• Project: Handibot Laser Sight

    by  • August 5, 2014 • Handibot Labs



    Shopbot 3 software allows the user to quickly cut holes, rectangles and arcs with a few key presses, without the need for toolpathing in a program like Vcarve. Rather than carrying around a whole set of drill bit sizes, your Handibot can be used to cut out any size hole as well as more complex slots. In order to make this process even faster we have been working on a laser sight that snaps onto the Handibot router body and projects a cross at the center point of the tool axis.

    We thought we’d share our idea with Handibot users and provide some brief instructions for those who would like to make their own laser sight. (Note: We’ve made the Handibot Laser Sight a full fledged product available at the Handibot Store)


    Materials Required:

    Materials Required


    Part Quantity
    5mW line lasers, Adafruit http://www.adafruit.com/products/1057 2
    Coin battery holder, Digikey BS-5-ND http://www.digikey.com/product-search/en?x=22&y=20&lang=en&site=us&keywords=BS-5-ND 1
    3V coin battery, Digikey P138-ND http://www.digikey.com/product-detail/en/CR-2016%2FBN/P138-ND/6681 1
    SPST switch, Digikey CW158-ND http://www.digikey.com/product-search/en?KeyWords=CW158-ND&WT.z_header=search_go 1
    8-32 Flat Head Screws 3
    24 awg wire (preferably) 2ft
    5×10” piece of ½” HDPE or other easily machinable plastic 1


    Machining Plastic Case:

    You can cut both halves of the case using an 1/8” bit on your handibot. Toolpath files can be downloaded here: Handibot Laser Bracket Toolpath

    Case CAD

    Once the parts are cut and the tabs cut off from the edges, use a countersink bit to recess the screw holes on the bottom of the case. The holes in the top half of the cover should be tapped for an M4 screw.


    To fit the battery holder into the case you’ll need to clip two of its leads shorter using some wire cutters. When wiring up the lasers leave a generous length of wire between each part; it will make assembly much easier and there is plenty of space inside the case to tuck the extra wire when it is finally assembled.


    Wiring the Lasers:




    The lasers are diodes so the polarity of the power source does matter. You’ll want to solder the red wires from the lasers to the positive terminal of the battery (if you’ve wired it backwards and are only scanning this post now to troubleshoot—just flip the battery over in its holder). Solder another length of wire to the negative terminal on your battery holder. Pull the negative wire and the two black wires from the lasers through the button hole in the top half of the case; be sure to slide the lock nut for the button over the wires before you solder them! Solder the negative wire to one side of the switch and the black laser wires to the other. Pull the switch into its mounting hole and tighten the lock nut onto its base.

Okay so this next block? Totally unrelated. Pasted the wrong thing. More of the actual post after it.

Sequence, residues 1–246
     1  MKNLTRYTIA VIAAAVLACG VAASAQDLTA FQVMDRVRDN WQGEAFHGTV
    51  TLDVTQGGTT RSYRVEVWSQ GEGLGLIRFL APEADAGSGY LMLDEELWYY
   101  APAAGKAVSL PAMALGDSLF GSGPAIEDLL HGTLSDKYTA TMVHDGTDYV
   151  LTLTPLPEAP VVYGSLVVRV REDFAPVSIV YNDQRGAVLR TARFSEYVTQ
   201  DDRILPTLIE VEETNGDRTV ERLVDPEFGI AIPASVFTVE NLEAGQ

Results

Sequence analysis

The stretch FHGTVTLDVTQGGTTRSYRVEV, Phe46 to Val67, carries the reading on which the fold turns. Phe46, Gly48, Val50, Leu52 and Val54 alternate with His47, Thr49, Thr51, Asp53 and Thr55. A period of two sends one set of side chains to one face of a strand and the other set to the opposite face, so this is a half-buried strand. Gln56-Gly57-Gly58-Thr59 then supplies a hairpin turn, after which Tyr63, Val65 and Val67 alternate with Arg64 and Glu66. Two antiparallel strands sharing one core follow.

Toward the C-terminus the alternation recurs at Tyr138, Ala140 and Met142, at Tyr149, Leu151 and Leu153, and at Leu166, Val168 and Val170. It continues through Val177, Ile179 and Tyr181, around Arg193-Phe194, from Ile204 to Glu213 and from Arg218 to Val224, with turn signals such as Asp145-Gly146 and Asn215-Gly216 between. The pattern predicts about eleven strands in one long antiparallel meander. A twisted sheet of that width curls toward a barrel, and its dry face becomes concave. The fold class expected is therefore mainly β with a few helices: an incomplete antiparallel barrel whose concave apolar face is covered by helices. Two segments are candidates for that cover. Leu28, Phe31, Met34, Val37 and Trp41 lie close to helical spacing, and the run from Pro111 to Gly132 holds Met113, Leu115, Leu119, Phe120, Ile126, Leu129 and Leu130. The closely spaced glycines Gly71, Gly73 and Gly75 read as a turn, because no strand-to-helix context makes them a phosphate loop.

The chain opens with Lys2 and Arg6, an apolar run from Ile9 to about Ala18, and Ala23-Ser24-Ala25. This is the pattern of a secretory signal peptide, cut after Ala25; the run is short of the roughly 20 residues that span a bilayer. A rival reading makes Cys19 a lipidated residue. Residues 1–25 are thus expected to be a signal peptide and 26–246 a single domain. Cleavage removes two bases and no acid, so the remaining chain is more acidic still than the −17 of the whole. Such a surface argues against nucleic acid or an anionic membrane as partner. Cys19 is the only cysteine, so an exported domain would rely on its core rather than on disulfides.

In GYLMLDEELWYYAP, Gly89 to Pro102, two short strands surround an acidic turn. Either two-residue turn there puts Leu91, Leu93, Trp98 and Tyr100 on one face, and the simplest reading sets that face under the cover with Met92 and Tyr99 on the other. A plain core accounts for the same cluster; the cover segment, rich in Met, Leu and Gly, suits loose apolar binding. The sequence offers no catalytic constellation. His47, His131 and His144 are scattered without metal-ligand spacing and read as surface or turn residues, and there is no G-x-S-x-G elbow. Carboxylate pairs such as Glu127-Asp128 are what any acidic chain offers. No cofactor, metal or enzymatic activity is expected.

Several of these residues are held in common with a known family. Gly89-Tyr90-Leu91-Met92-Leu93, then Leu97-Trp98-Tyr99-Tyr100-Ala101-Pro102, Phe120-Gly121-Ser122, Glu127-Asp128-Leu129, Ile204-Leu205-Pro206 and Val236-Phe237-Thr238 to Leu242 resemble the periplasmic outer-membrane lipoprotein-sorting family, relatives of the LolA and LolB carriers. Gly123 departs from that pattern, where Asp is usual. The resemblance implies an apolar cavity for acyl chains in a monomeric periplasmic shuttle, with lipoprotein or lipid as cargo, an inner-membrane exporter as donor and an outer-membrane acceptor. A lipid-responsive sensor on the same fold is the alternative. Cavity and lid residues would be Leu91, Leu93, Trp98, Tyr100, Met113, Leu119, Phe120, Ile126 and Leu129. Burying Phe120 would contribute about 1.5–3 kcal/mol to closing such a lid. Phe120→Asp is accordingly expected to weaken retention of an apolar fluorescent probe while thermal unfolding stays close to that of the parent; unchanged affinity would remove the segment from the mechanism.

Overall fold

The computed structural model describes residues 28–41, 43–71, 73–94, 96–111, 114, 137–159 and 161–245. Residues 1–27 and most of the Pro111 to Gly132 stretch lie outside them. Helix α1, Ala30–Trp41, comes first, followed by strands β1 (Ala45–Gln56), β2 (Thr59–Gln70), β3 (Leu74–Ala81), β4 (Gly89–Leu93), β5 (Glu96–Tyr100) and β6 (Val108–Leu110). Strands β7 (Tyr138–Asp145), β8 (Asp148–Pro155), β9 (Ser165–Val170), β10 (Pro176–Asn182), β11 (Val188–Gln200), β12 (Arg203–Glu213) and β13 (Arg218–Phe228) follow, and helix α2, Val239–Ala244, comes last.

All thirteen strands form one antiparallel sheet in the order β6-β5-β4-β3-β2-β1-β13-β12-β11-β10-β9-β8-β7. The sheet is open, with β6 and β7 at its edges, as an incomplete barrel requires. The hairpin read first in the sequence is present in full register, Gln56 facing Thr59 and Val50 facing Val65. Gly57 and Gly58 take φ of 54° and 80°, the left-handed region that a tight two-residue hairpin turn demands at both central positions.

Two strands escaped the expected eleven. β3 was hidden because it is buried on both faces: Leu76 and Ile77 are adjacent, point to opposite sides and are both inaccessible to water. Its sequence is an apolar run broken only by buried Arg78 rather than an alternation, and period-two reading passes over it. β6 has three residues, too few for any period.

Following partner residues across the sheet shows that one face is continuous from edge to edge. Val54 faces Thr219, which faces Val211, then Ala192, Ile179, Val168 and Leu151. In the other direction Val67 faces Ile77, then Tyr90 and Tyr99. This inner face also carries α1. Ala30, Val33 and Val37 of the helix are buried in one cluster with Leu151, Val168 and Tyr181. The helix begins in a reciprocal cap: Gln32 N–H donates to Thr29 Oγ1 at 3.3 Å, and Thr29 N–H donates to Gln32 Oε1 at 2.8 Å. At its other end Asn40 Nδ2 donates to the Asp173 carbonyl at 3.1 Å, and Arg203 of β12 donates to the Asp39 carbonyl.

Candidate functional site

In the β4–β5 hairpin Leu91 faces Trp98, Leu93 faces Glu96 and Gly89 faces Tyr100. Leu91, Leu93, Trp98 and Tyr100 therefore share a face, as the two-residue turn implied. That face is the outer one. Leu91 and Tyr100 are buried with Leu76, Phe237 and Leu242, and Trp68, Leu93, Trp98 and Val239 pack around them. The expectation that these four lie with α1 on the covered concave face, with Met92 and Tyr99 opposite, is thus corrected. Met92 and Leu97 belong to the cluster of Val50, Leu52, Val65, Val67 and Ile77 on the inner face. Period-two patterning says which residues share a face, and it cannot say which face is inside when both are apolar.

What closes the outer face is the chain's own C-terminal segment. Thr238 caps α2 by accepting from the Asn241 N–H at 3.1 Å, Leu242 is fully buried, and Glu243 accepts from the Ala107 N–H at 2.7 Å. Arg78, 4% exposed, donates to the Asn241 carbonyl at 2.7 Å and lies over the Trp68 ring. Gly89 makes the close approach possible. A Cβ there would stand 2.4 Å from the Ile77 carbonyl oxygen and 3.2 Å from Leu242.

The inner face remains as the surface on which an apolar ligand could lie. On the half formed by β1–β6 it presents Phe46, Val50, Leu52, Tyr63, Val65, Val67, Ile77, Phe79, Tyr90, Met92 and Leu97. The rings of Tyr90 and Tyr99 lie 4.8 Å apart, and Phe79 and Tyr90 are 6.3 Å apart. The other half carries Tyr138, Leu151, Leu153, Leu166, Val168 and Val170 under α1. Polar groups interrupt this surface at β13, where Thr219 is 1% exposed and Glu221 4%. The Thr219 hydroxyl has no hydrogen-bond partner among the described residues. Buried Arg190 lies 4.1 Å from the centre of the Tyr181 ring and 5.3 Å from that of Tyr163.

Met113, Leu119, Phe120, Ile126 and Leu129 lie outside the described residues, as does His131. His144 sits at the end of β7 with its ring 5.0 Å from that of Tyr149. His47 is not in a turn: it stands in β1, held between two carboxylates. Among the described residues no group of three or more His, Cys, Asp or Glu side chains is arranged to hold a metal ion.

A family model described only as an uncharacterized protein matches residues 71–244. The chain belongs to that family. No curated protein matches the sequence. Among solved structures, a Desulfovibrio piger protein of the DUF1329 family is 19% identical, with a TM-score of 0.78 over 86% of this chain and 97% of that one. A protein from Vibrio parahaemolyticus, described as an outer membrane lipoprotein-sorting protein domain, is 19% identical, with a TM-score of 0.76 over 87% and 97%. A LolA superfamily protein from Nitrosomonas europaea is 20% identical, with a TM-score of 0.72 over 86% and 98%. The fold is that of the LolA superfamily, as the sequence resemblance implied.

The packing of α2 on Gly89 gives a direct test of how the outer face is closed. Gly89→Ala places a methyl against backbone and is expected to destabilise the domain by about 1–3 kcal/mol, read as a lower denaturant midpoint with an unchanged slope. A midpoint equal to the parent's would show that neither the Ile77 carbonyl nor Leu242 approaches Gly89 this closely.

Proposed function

Secure the battery holder with a drop of super glue on its base. Press the lasers into the bottom half of the case until the top, sealed edge of the laser is in line with the edge of the hole, don’t worry about lining them up into a perfect cross now; you’ll do that later on your Handibot. With everything in place, carefully tuck your wires into the case and snap it closed. Insert the three screws into the bottom of the case to secure the assembly.


    Aligning Your Lasers:


    To align your lasers snap the laser sight onto your Handibot. Insert a sharp tipped tool such as a V-bit into the router collet. Place the Handibot on a level surface and move the z-axis down until your bit makes contact with the surface. Either mark this location with a pencil or leave a mark with the bit. Raise the router up again, being careful not to move the Handibot as this will affect your alignment. Press the red button on your laser sight to turn on the line lasers. Rotate the lasers by hand until their lines form a cross with its intersection directly over the mark you made on the surface below. The fit for the lasers is snug, however the lasers can be further secured in position with a drop of super glue.

    You can now more easily use your Handibot to cut holes and slots without the need for toolpathing or bit changes. In the example shown below, the hole pattern for a mounting flange is traced onto a surface.


    The laser sight is then used to align the bit with the sketched hole locations.


    Brian Owen


    Mechanical Engineer at ShopBot Tools